Th ree factors were extracted from the 10

competenc-es for the sample of leaders, which accounted for a 79% share of variability (Table 4). Two factors were extracted from the sample of non-leaders, which ac-counted for a 91% share of variability.

DISCUSSION

Th e comparison of absolute values points out great

diff erences between both samples. Th e leaders felt

that actions from all groups of competences were very important since their average grades across all

areas were higher than 4 (on a 5 division scale). Th e

lowest grades were given to competences of ethics

of conduct and of networking and infl uencing. Th e

grades in the non-leaders group were also relatively high but were 0.6 of a grade lower than those of the leaders (from 3.5 to 3.9). Nurses in leadership positions defi nitively believe that competences of a higher level are needed at their workplaces.

Standardization of data enabled a better comparison

between the groups. Th e comparison showed that

non-leaders prefer “classical” competences of the nursing profession, such as ethics of conduct, inter-professional relationships and a positive attitude to-ward knowledge and education, while leaders prefer competences that are not exclusively characteristic for their professional group: leadership, realisation skills and partially, inter-professional skills. Leaders therefore fi nd competences characteristic for group

of leaders of general public services more important. Ethics of conduct was highly rated by both groups for the portion of competences related to the

nar-rower fi eld of nursing. Th e relative comparison of

grades within the groups shows that non-leaders placed ethics of conduct in fi rst place while leaders placed it in last place. As leaders are not in contact with patients as frequently, they do not fi nd this competence as important. However leadership must also be classifi ed as “ethical, unethical and non-ethical” (25). Non-leaders also desire to perceive the leader of their organization as an ethical leader. Subgroups from both samples were formed using

factor analysis (Table 4). Th ree groups of nurses

in leadership positions and two groups of nurses in non-leadership positions (Table 5) were formed based on the participants’ opinions regarding the question of which competences leaders of organiza-tion should have.

Th e views of the nurses in leadership positions

re-garding the question of which competences they should have, are evading clear defi nitions,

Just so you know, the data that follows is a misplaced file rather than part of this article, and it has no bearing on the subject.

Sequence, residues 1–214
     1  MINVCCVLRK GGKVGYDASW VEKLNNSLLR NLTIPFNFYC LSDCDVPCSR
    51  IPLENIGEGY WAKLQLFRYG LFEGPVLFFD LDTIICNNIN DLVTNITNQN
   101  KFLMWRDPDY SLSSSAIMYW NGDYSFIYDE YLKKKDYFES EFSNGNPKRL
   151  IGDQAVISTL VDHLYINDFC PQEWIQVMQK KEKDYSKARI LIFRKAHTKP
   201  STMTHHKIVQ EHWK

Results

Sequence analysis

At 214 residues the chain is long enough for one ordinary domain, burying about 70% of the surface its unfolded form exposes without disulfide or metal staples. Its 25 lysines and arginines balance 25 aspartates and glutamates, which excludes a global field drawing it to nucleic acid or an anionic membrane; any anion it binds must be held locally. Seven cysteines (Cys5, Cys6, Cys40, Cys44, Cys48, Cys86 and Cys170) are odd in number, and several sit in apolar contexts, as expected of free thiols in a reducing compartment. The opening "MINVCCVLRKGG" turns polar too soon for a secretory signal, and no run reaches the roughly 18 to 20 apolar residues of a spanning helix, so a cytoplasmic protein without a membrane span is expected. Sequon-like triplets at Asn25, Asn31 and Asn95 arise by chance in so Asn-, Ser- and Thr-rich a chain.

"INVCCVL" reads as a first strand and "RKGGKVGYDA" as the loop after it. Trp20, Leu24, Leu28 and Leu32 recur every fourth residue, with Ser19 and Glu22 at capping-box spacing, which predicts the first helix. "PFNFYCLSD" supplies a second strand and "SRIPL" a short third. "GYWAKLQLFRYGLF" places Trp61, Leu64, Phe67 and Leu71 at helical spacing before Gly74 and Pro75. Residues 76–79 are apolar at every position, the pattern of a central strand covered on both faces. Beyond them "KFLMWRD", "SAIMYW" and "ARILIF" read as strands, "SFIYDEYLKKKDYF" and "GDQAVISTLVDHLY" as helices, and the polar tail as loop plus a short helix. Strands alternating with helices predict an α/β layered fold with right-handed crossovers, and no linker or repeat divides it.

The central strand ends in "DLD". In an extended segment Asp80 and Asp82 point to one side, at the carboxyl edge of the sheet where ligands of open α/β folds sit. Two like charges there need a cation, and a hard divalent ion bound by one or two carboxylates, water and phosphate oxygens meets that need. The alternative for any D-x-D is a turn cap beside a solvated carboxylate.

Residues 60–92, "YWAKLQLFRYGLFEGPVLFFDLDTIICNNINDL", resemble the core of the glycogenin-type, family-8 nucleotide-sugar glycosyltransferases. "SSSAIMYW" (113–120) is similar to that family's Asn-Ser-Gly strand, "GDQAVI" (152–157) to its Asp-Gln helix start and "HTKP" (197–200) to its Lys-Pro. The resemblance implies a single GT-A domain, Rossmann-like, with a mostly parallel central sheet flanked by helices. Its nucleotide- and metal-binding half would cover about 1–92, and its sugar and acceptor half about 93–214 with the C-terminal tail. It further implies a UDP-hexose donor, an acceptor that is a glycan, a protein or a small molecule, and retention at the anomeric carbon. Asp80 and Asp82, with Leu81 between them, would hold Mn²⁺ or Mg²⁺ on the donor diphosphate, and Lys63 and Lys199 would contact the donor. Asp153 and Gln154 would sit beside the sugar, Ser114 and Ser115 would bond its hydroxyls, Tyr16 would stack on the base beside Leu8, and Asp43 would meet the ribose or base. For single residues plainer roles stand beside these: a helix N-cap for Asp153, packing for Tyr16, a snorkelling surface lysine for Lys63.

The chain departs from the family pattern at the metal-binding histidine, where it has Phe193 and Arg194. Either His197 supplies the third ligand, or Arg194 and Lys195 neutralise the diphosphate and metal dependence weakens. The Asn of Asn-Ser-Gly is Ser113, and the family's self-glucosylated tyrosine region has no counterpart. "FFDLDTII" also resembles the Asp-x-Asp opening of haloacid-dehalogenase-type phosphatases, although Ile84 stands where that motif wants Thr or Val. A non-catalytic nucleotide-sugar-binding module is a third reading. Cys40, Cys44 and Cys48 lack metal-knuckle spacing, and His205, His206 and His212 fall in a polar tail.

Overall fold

congru-ent with classical theory. Th e fi rst two groups could

be defi ned in the framework of the Blake-Mouton grid as a country club and organizational man (26).

Th e third group, however, which advocates high

eth-ical standards and a positive attitude toward knowl-edge and education does not fi t into the established frameworks and is probably more characteristic of professions with a dominant ethical component.

Competences

Occupational position

Leaders (sample 1) Non-leaders (sample 2) Component(*) Component(*) 1 2 3 1 2 Flexibility at work 0.716 0.722 Creativity 0.624 0.760 Leadership 0.753 0.705 Organizational climate 0.771 0.862 Organizing 0.743 0.821

Networking and infl uencing 0.863 0.819

Realisation skills 0.781 0.766

Ethics of conduct 0.770 0.733

Interprofessional relationships 0.813 0.729 Positive attitude toward knowledge and education 0.816 0.812

TABLE 4. Rotated component matrix for competencies

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Th is group also viewed head nurses as ethical leaders (25).

Th ere was a clear division between the two groups of

nurses in non-leadership positions: those that were task-oriented and those that were

relationship-ori-ented. Th ese are fairly classical divisions, congruent

with theory (1)

Th e primary objective of this study was to examine

relationships and understanding within the group of nurses: how familiar those in subordinate posi-tions were with the competences of their superiors.

Th e basic condition of any good relationship in a

working process is mutual familiarity with the work of others and, based on this, division of labour and competences between diff erent hierarchical levels of nursing. Improved mutual familiarity with each oth-er’s work and competences would enable nurses to more easily establish a homogeneous group which would better represent the interests of nurses in the battle of professions within health care.

CONCLUSIONS

Th e study points out the great diff erences in the

views of nurses in top leadership positions and those in non-leadership positions regarding the question of which competences nurses in top leadership posi-tions should have. Two groups were included, one from the bottom and one from the top of the hi-erarchical ladder of a professional group of nurses. Registered nurses are a professional group with a high share of them in a leadership position: 30 –